Are you an expert in your craft, or the system?

In my previous job, I was an expert. I was the first employee. I knew the ins and outs of the system. I helped the company grow. I was often the most senior person in the room. But in truth, I knew nothing. So, I quit.

Around that time, I read a post by Charity Majors. These lines stood out:

“There is a world of distance between being expert in this system and being an actual expert in your chosen craft. The second is seniority. The first is merely familiarity.”

I was an expert, but in the system, not in my craft. Not as a leader.

That recognition has stuck with me. These days I pay attention to the difference. Here’s a few things I’ve learnt about becoming an expert in my craft.

Find what’s right, not just what “works here”

No two workplaces are the same. Nor are two teams. To be successful over the long run, you need to make that success repeatable. Find the principles, find what works in general, and apply that to new situations. This is the essence of being an expert in the craft, rather than the system.

Here’s one big reason I coach leaders: we learn what our managers have told us, not what is necessarily right. Why do you run 1:1s the way you do? Why do you delegate this way? Why do you give the type of feedback you do? Likely because it’s what your managers have done to you. Does that mean it’s right?

Even if you don’t change your environment, you’re not immune from the need for change. To quote the Greek philosopher Heraclitus: “No man ever steps in the same river twice, for it is not the same river and he is not the same man.” Stay still long enough and the river will change around you. The system in which you are an expert has changed. What are you the expert in now?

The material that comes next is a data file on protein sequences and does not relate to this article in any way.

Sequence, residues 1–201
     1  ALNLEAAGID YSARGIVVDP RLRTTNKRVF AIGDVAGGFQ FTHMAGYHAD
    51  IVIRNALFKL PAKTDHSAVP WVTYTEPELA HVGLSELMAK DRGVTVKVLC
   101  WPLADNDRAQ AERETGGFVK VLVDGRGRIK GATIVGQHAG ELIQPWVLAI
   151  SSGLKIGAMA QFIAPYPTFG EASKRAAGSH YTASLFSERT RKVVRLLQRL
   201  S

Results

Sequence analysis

Learn from others

Another reason I moved jobs? To learn from those with far more, and different experiences than me. When you learn from others, you take their experiences and add them to your own. What clashes with your existing knowledge? What causes you to rethink your way of working? Knowledge isn’t purely additive. It can be transformative.

This is also where coaches and mentors come in. It’s often difficult to find the coaching and mentorship you need in your day-to-day work. Managers are too busy. Or they’re not able to provide what you need. I’m grateful for the support I’ve received in the past, and I try to give back. I share what I know with founders and early-stage employees. And I coach leaders to become the leaders they want to be.

And learn from working with others who aren’t like you. I’m a middle-class white male in a male-dominated field. It’s easy to find people who look like me and think like me. This is comfortable. But it’s not challenging. I can become an expert in, and perpetuate, the system of privilege. Or I can become a true expert in my field and help to elevate diverse voices. This is a choice.

Be wary of comfort

Comfort is easy. A comfortable job, a comfortable routine, a comfortable life.

Comfort is good for the experiencing self. But not for the remembering self. When you look back on your life, what do you remember? It’s not the unchanging, comfortable days. You remember the periods of change and growth.

The most important moments of my life have been the uncomfortable ones. When I started a new role or left one. When I’ve failed — in work, in sport, in my relationships. When I’ve needed to put the effort to learn a new skill, train for a race, or prepare for a difficult conversation. Facing the discomfort led me to something new.

If you feel yourself getting too comfortable, consider: is it time for change?

What works here may not work always. Are you an expert in your craft, or your system?

© Braden Moore.RSS